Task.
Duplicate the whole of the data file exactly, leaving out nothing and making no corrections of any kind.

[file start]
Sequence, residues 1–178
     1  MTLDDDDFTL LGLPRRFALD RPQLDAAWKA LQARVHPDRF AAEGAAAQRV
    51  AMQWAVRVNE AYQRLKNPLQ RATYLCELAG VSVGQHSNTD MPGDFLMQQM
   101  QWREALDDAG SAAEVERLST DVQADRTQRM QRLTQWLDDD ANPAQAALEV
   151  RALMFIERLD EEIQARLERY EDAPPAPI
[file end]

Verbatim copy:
Sequence, residues 1–178
     1  MTLDDDDFTL LGLPRRFALD RPQLDAAWKA LQARVHPDRF AAEGAAAQRV
    51  AMQWAVRVNE AYQRLKNPLQ RATYLCELAG VSVGQHSNTD MPGDFLMQQM
   101  QWREALDDAG SAAEVERLST DVQADRTQRM QRLTQWLDDD ANPAQAALEV
   151  RALMFIERLD EEIQARLERY EDAPPAPI